Saturday, May 23, 2020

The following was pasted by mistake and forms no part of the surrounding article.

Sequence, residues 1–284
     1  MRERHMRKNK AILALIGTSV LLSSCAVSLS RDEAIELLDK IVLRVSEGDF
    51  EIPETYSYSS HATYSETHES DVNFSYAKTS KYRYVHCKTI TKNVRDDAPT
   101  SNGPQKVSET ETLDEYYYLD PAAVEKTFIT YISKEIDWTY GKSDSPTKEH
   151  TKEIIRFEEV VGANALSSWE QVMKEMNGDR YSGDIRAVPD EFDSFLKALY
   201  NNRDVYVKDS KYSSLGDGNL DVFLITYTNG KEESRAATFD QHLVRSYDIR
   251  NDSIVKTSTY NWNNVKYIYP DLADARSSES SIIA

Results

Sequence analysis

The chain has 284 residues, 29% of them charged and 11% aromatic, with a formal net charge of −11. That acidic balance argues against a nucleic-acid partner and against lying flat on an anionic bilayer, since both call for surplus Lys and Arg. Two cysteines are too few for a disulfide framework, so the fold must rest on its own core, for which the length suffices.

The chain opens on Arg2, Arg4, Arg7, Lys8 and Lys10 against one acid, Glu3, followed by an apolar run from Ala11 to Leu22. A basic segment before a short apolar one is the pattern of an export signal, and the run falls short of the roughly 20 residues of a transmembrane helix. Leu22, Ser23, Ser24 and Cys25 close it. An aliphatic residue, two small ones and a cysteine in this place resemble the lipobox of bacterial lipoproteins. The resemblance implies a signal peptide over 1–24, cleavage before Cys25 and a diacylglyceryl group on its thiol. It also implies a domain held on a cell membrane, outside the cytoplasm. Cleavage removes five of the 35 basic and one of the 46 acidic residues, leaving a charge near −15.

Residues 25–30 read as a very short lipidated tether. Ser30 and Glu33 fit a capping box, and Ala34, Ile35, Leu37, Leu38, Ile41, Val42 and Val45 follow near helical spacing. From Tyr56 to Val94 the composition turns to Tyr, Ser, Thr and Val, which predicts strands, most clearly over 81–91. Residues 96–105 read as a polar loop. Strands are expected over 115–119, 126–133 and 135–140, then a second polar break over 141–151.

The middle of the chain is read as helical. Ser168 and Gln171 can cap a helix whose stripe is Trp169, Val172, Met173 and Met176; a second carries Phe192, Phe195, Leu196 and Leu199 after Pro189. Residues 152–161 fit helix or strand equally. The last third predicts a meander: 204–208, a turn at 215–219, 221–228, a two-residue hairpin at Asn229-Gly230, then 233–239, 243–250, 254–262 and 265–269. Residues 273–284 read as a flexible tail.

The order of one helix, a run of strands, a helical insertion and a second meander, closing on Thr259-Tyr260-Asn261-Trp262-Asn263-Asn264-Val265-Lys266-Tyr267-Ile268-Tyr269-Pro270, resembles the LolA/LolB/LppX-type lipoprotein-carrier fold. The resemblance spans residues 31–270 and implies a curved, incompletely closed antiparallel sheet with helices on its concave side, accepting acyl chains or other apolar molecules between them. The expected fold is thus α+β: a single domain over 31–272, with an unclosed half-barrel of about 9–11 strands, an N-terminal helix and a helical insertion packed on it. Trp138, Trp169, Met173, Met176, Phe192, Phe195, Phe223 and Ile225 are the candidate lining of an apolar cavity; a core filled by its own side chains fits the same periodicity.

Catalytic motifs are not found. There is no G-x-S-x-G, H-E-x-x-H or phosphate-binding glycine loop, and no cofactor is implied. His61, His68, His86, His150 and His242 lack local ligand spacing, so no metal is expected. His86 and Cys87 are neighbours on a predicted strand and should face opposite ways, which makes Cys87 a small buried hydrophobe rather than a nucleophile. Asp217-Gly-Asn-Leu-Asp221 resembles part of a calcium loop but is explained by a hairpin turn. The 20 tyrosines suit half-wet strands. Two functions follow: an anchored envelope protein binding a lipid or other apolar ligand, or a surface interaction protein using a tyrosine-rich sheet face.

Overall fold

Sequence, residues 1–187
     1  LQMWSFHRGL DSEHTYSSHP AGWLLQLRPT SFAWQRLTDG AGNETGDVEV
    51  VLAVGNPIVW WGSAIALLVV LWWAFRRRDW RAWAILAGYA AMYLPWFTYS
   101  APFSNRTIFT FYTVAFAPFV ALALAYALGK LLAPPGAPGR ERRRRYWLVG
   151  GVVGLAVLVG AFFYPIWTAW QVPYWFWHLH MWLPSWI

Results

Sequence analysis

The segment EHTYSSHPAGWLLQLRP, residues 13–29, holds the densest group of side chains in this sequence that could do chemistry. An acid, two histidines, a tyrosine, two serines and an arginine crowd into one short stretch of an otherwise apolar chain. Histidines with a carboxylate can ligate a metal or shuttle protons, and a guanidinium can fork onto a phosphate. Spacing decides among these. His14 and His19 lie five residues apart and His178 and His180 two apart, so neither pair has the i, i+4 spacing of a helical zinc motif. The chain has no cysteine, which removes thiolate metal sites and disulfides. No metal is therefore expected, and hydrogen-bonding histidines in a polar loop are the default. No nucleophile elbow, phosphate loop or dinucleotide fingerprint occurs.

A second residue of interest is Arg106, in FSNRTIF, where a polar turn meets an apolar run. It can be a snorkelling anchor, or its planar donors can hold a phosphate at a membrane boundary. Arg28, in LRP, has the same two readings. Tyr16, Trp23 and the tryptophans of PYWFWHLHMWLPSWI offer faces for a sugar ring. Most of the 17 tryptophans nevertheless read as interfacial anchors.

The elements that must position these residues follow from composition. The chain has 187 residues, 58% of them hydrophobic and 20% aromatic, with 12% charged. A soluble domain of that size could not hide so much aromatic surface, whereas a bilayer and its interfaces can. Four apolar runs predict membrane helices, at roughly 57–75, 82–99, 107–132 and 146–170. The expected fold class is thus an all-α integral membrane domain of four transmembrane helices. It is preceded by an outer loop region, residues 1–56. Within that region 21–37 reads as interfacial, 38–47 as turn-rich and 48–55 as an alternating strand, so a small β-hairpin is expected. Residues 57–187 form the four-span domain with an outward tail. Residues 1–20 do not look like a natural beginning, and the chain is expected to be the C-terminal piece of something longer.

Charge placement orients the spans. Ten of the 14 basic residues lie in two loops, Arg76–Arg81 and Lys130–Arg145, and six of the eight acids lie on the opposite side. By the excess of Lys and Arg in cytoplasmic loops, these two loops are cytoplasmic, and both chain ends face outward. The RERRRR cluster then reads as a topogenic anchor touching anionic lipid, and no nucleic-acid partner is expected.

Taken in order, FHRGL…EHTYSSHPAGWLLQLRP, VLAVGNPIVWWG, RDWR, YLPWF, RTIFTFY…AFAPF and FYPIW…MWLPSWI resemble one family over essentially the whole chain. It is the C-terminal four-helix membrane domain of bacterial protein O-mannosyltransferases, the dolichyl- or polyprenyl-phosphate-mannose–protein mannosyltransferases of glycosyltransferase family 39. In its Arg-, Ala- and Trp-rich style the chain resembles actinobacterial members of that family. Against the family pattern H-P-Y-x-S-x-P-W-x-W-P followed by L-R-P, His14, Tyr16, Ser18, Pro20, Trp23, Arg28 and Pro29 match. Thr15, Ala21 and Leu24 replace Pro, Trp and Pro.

Essay on Ethics in Counseling - 1788 Words